Holidays are usually a time for family, friends, and celebration. They are also a time of great risk during COVID-19. The harsh truth has kept returning: It's incredibly difficult to hold gatherings without the risk of spreading the virus. Isolation is the only way to stay reliably safe. However, we have put together a few tips to keep your risk to a minimum.
Collect from a distance
It's not that intimate and you may get tired of Zoom calls from work, but video chatting family together is much less of a risk than meeting face-to-face. You can still have great fun by doing activities that you can do at home and using your phones and the internet to bridge the distance between you. Try these:
- Watch parties! You can enjoy movies, TV, and more by watching the same things and discussing them over the phone or video call.
- Take social games to video chat. You can still play games like charades, swap crosswords, and take part in other traditional activities. Just be a little more creative to work within range of the camera.
- Play online together. The whole family can enjoy online versions of classic board games like Monopoly, Risk, and Clue. Find the platform of your choice in the online store to see what's available.
It's tempting to change landscapes, but when you travel, coronavirus gets from county to county, state to state, and country to country just as much. Keep in mind that when you travel, other people are likely to do the same. They don't know where they came from or if they might be infected.
It is best to stay in your own household or garden. If you can't, check out the local parks and other nearby outdoor areas to enjoy your vacation. Don't hesitate to turn around and come back later if you're not clear enough from other groups or people aren't wearing masks.
Garden grill with social distance and good hygiene
If you still feel like you need to hold a personal party, don't let go of your guard. It has been a long time since it was safe to have close contact with people outside of your household and unfortunately the situation has not improved. Gatherings are still dangerous, but there are steps you can take to reduce the risk at least a little. CNN consulted experts for in-depth recommendations, but the minimum standard is to break down your event (like a grill) and apply CDC guidelines and good hygiene to each part. Here are some examples:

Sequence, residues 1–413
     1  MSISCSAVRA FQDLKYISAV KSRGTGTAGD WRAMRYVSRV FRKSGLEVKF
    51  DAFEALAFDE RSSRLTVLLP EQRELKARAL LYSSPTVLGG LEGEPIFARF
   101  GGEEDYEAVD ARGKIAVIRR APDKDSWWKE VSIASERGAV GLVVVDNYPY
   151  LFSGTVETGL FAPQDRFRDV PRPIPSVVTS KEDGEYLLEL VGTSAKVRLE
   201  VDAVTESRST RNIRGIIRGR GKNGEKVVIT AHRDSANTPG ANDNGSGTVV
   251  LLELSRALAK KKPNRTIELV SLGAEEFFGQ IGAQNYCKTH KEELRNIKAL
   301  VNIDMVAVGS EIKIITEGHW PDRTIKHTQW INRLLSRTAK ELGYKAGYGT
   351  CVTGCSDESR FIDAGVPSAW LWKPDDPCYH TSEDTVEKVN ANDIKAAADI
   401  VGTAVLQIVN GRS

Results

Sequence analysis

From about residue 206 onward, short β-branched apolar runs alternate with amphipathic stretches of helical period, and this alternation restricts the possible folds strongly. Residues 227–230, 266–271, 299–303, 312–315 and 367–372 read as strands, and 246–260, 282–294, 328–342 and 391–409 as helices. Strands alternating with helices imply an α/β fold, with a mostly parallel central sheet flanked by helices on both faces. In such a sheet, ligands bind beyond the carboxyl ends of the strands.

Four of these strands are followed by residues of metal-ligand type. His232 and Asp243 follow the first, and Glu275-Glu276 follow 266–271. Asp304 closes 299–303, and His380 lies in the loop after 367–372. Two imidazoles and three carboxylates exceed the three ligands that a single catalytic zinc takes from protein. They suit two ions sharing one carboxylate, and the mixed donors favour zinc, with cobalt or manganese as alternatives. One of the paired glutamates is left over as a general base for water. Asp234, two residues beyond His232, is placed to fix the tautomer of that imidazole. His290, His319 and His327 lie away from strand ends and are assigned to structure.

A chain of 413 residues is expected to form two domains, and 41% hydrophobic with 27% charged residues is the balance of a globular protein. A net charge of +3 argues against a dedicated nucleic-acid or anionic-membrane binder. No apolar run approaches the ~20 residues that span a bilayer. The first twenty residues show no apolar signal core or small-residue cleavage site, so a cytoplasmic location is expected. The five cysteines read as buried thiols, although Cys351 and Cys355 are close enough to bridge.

- Do not assume that someone is safe. People infected with coronavirus may have mild or no symptoms. Therefore, everyone should wear a mask when they are not actively eating or drinking.
- Outdoor environments are not a panacea, but leaving the recycled indoor air will reduce the chances of transmitting the virus. Open areas with high airflow limit the amount of virus you can be exposed to.
- Separate the household groups by at least 6 feet. Don't have people if you don't have enough space to safely remove them.
- If your home has multiple bathrooms, designate one for guest use and provide cleaning supplies so it can be decontaminated between uses. Ideally, gatherings shouldn't be long enough for someone to use the bathroom. You should still be prepared just in case.
- Pick a person, preferably the person with the least exposure, to cook food and then have that person or someone else serve it. Avoid buffet-style meals.
- Stick to disposable cutlery and cutlery and never touch food that is served directly with your hands. If utensils like tongs are to be shared, a hand sanitizer should be placed nearby to use before and after touching.
- After all, food should always be covered when not being served.
Invite your pandemic pod
One of the most common pieces of advice you will find is that it is safest to hang out with people who you know are not risky. If you have other households of friends or family members you've already hooked up with, be careful not to add any more – and make sure you don't either.
Keep people at home at high risk
Everyone gets tired of isolation, but staying home is a matter of life or death for the elderly and immunocompromised. Do not pressure someone with risk factors (or members of their household) to visit if they are not happy with it.
The take away
As pandemic fatigue becomes more prevalent, it is tempting to take more risks when connecting with friends and loved ones. There are plenty of creative ways to enjoy the vacation while physically separated. If you feel that you absolutely have to hold a personal event, you should adhere to hygiene and social standards to keep the risk of infection as low as possible.